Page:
HIS-141 | European History II | 3 credits
This course introduces the origins and development of history and culture of Europe from the 18th century through modern times. Major historical trends of European expansion, revolutions, industrial revolution, reform, Nationalism, war, dictatorships, Cold War, rebuilding and social changes are emphasized.
Prerequisite: Take HIS-140

HIS-228 | U.S. History & Government for Teachers | 4 credits
This course introduces the origins and development of the United States and its government from pre-colonial times through the Civil War period. The Native American cultures, European colonial efforts, American Revolution and development of the Constitution, Westward movement and the Civil War are emphasized.

HIS-229 | U.S. History Since 1877 | 3 credits
This course continues the United States history beginning with the Reconstruction era to the late 20th century. The Industrial Revolution, Progressive era and the emergence of the United States as a world power are emphasized.

HIS-322 | Constitutional History and Law | 3 credits
This course introduces origins and development of the Constitution and subsequent major court decisions affecting constitutional law interpretations.

HIS-346 | U.S. Diplomatic History | 3 credits
This course studies the origins and development of foreign policy from the Revolutionary Era through the Cold War period. The course features an emphasis on the development of the U.S. in the context of world history and a study of the various interpretations of American foreign policy.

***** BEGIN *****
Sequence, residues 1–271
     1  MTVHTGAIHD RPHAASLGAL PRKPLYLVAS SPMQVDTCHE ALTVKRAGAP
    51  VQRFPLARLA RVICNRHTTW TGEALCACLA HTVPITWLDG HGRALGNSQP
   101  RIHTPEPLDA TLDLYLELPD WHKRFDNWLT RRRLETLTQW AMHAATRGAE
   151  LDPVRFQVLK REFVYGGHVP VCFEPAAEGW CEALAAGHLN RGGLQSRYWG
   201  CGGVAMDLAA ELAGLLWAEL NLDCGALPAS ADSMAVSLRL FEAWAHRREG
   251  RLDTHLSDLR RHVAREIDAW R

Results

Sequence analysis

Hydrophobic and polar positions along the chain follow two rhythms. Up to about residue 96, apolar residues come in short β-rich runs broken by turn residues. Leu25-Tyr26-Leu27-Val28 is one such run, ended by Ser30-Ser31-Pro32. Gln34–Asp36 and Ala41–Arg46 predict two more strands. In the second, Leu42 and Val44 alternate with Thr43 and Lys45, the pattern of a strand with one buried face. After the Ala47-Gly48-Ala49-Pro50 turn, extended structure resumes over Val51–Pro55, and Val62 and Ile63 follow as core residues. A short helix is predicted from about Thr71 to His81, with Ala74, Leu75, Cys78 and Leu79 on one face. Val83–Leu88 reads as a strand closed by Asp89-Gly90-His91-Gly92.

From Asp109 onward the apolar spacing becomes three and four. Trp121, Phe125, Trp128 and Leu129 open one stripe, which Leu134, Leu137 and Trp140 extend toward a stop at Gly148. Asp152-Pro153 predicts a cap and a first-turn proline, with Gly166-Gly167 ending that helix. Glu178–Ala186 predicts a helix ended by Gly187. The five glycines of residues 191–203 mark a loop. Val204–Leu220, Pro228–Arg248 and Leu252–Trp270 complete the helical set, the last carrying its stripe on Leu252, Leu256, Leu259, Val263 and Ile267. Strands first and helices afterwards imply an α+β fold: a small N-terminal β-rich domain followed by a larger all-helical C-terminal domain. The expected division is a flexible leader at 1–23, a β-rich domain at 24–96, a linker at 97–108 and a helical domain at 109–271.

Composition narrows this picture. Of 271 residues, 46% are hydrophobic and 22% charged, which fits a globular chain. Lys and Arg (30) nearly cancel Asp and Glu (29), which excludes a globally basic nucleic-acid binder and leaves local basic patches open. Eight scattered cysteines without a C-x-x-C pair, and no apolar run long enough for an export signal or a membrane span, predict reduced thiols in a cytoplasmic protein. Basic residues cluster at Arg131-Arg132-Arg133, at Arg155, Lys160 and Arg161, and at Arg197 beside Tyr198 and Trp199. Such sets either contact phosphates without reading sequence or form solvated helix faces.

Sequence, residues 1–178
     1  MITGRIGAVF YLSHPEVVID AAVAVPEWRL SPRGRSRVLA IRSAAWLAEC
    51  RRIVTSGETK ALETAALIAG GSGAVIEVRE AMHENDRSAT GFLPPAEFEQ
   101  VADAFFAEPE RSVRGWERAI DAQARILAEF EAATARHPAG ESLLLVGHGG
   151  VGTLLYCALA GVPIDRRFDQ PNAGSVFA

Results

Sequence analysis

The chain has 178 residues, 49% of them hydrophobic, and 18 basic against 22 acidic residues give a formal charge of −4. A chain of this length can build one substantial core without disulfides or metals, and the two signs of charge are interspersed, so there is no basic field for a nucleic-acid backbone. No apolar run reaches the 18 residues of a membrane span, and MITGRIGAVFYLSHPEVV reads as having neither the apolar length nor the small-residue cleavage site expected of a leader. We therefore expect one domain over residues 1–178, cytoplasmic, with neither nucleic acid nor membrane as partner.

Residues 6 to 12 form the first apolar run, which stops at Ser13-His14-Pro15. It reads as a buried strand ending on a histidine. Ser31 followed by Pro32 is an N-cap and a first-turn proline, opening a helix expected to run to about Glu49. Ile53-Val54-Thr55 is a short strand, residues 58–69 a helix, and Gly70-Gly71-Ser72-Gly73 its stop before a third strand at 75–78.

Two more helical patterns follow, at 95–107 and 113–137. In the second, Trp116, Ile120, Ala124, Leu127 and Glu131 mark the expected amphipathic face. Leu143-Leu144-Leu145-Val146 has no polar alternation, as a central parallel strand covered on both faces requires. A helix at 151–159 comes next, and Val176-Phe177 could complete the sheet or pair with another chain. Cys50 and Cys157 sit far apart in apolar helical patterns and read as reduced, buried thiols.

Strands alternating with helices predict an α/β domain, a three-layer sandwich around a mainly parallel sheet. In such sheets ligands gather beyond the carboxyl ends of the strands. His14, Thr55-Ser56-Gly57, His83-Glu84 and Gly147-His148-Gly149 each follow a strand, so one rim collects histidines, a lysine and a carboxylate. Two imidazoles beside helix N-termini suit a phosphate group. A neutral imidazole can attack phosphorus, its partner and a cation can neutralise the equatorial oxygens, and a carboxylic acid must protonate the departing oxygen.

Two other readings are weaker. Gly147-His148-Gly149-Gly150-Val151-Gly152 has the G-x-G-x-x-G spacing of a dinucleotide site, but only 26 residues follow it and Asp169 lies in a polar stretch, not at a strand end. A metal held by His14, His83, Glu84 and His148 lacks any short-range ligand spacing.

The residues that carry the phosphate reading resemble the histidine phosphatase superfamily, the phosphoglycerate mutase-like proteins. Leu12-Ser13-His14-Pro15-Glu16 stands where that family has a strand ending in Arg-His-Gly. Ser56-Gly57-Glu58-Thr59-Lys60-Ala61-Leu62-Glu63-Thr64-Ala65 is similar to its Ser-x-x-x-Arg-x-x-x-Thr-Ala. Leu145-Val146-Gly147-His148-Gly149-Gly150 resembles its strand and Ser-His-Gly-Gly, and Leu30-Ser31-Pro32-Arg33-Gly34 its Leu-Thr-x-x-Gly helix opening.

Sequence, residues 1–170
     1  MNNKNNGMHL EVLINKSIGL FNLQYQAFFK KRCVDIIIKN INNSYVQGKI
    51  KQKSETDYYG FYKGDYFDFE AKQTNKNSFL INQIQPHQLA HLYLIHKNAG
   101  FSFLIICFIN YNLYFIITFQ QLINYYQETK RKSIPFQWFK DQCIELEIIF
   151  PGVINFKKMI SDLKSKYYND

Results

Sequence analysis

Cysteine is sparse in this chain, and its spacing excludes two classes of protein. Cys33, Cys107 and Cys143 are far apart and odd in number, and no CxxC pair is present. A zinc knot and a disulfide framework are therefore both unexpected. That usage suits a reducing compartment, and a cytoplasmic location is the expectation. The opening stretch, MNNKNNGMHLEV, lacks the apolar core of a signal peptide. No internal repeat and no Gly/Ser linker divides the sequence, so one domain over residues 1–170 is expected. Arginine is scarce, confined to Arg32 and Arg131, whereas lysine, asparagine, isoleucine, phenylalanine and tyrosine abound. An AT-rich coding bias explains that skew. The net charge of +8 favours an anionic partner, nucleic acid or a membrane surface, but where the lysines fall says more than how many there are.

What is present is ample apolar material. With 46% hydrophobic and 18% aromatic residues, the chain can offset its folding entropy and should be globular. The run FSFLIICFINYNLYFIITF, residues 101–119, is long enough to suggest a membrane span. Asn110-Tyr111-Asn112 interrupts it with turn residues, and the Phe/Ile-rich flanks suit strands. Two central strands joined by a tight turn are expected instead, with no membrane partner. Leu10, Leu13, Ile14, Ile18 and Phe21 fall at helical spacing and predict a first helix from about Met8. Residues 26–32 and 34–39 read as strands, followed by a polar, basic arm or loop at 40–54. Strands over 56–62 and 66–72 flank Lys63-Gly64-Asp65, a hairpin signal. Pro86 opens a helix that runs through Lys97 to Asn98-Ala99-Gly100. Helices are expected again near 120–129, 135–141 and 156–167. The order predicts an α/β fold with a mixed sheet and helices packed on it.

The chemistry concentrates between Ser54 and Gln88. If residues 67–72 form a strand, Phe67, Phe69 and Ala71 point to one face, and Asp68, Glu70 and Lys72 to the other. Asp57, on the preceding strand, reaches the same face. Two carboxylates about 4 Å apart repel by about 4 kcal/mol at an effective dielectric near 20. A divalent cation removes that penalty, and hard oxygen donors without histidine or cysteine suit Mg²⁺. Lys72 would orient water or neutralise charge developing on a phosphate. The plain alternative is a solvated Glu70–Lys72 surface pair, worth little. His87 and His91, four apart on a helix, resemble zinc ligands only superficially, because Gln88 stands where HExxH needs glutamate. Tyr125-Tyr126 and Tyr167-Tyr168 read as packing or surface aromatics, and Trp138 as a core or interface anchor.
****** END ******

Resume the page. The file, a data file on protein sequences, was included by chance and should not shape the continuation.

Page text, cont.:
Prerequisite: Take HIS-228 or HIS-229

HIS-361 | History of Christianity | 3 credits
This course introduces the origins of Christianity and the subsequent history of the Christian church. The developments of doctrines, the rise of monasticism and the impact of Christianity on world history are emphasized.
Prerequisite: Take RSP-150

HIS-370 | Korean and Vietnam Wars | 3 credits
This course will focus on two of the main events of the Cold War: the Korean and Vietnam Wars. Students will study the origins of the conflicts and focus on the role of the United States in these two events. Documentary films will be used extensively to provide a means by which to study and interpret these events. Students will also analyze "Hollywood" interpretations of the Vietnam War. Our goal will be to obtain an overall grasp of the significance of these events, as well as to discuss the various interpretations of these Cold War episodes.

HIS-380 | Recent America: 1932-Present | 3 credits
This course presents a study of U.S. history from the election of FDR in 1932 to the present. The Great Depression, New Deal, World War II, Cold War and cultural developments are emphasized.

HIS-390 | History of South Dakota | 3 credits
This course offers a study of the history of the state of South Dakota. This course will feature topics related to the political, social, cultural and economic history of South Dakota. Contributions of various individuals, groups and movements will be considered as the history of South Dakota is presented within the context of the history of the United States.